You Need A Will – Part 2, POA

I was recently asked to put together a new Last Will and Testament for my father and stepmother. Not a problem, I am a lawyer and can probably swing it.

As I slogged through the creation of their documents, I realized that everybody really should take care of this kind of thing.

Even many lawyers I know don’t keep their estate documents up to snuff.

So, even though I am NOT YOUR LAWYER, I put together a little something on Wills.

This is the next chapter. All about Power of Attorney, both Durable and Medical.

Nobody wants to think being in a car wreck bad enough to put you on life support. But, you have a duty to yourself and your loved ones to provide for that contingency.

Who gets to make the medical decisions for you when you can’t?

That is where the Power of Attorney comes in. A medical POA spells out your wishes and gives authority to a named person to make those important decisions.

Take a look at this generic one HERE.

Part I; Appoint the person you want making decisions in your stead. Make sure this is a responsible person with your best interest at heart.

This form allows you to name up to 2 alternate agents. This is necessary. You never know what will happen down the road. It is also fairly common for your Spouse (primary agent) to be in the same accident as you were.

Part II; Very important distinction. Either this power bestowed upon your agent begins immediately, OR after a doctor has confirmed you are officially out of the loop.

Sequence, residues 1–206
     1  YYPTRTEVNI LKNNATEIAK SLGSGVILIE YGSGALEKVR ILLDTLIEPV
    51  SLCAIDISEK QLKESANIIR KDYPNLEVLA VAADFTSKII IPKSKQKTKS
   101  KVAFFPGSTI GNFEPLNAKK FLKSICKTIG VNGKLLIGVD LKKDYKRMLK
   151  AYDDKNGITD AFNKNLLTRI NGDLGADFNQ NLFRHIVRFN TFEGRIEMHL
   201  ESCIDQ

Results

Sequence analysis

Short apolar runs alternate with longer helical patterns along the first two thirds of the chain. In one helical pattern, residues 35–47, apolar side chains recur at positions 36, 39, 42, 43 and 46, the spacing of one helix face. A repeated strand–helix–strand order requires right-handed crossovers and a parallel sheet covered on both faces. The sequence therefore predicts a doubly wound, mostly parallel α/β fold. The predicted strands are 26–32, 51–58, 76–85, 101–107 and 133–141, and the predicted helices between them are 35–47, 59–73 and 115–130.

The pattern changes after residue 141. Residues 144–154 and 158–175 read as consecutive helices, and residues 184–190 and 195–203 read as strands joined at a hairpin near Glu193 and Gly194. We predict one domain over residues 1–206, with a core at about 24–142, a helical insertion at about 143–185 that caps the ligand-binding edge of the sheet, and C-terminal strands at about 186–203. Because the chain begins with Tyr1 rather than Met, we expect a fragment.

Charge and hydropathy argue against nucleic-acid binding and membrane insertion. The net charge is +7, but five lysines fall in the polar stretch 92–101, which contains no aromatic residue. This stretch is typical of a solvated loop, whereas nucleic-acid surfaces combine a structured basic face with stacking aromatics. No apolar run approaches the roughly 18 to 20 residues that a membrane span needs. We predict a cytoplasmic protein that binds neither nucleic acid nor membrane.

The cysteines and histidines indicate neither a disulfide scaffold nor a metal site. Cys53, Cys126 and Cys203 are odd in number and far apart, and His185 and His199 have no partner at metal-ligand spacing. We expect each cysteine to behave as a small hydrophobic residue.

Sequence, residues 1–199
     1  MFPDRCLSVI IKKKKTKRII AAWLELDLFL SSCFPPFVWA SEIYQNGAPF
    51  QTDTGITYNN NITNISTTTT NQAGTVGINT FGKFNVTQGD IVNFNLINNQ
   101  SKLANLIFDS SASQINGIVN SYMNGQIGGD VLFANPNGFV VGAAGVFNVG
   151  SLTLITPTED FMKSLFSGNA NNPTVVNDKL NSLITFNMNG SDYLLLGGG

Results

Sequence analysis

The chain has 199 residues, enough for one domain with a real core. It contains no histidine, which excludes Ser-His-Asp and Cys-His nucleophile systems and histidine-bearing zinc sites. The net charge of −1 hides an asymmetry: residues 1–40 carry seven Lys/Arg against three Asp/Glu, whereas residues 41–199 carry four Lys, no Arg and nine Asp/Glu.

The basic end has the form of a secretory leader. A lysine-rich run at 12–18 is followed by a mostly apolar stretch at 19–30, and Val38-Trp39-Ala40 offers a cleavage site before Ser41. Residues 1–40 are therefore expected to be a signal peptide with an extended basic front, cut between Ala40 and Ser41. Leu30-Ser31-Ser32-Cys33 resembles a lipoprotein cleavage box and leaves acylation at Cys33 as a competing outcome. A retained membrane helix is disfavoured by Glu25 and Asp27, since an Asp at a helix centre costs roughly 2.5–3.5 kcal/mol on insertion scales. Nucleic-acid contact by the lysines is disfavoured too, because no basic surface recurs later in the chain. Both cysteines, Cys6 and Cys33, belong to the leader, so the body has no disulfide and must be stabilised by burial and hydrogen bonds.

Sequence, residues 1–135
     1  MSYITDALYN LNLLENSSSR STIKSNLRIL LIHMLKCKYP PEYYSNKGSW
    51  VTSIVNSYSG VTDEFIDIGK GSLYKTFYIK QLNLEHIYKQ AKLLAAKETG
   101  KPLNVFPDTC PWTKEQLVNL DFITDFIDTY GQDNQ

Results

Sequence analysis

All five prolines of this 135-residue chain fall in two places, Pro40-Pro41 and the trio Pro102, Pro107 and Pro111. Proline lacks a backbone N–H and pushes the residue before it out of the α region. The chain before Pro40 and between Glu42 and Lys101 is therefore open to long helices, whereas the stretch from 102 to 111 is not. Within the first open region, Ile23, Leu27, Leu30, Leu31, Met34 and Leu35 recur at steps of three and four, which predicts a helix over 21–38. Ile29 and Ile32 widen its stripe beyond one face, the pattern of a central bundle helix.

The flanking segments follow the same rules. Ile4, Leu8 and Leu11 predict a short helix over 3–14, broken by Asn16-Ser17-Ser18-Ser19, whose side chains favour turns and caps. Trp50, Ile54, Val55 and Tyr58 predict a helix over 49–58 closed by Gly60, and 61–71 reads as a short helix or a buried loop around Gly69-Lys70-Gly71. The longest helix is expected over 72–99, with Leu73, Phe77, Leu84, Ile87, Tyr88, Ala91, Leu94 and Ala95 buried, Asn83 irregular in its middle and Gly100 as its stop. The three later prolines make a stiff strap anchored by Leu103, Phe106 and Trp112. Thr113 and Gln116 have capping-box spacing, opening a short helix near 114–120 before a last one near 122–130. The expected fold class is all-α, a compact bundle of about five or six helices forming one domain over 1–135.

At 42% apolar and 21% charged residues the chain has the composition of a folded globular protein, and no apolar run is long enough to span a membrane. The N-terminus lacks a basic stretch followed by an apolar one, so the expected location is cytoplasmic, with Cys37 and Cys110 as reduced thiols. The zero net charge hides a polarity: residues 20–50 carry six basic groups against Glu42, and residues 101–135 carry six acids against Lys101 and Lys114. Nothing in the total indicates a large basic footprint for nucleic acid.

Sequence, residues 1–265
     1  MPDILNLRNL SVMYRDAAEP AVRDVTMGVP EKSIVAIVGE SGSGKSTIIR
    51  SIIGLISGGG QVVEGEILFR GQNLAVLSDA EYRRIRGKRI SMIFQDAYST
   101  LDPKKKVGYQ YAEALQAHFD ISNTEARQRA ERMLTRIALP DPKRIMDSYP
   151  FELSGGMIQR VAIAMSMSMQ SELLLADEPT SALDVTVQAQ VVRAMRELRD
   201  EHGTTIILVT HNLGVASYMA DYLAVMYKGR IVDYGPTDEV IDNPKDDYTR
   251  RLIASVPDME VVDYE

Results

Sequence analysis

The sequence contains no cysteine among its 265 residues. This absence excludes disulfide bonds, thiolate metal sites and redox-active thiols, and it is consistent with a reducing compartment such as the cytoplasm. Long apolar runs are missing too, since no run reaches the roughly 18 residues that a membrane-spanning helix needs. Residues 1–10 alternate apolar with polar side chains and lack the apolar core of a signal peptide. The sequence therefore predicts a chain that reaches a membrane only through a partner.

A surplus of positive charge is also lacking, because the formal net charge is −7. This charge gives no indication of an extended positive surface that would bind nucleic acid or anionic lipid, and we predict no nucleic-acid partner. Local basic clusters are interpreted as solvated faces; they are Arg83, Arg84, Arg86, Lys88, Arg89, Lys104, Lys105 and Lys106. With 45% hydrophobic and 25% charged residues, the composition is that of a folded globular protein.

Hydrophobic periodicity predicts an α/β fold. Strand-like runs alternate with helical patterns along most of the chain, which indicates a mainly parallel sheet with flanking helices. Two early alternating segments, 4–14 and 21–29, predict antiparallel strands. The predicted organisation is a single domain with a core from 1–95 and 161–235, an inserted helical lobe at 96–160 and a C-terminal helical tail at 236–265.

Each of these options has different consequences and this should be milled over.

Part III; Here is your opportunity to spell out your wishes, only if the decision to made is not addressed here will the Agent part kick in.

Here is a good example of what this part could include;

NO HEROIC MEASURES –¬†Artificial or emergency healthcare measures with or without the use of machinery, designed to revive an individual who but for those measures, would in all probability die.

Meaning go ahead and try and save me, but only up until a point.

Also look at directives for Palliative care; making you as comfortable as possible.

And DNR (Do Not Resuscitate) meaning no CPR or breathing machines.

Everybody sign, and with a witness and/or a notary it just becomes that much more enforceable.

Next up, Durable Power of Attorney

A some point down the road you may very well no longer be able to make good financial decisions. That is the purpose of the Durable Power of Attorney. When grandma racks up $ 1,000’s of dollars to 1-900 numbers(remember those), it might be time for someone to step in and take control of the purse strings.

Here is the copy of a generic Durable Power of Attorney.

The First Part ‘Notice‘ does a great job spelling out what the document does and the precautions you need to take before signing it.

The ‘Instructions‘ part is also self explanatory.

Much of this document looks like the Medical POA. The steps are;

  • Declare you are thinking straight
  • Assign an Agent
  • Assign an alternate Agent
  • Choose the effective date/or event
  • Spell out the powers of the Agent
  • Allow for you to make any special instructions
  • Everybody Signs

Taking care of these things Now means you won’t have to worry about them Later.

 

 

 

 

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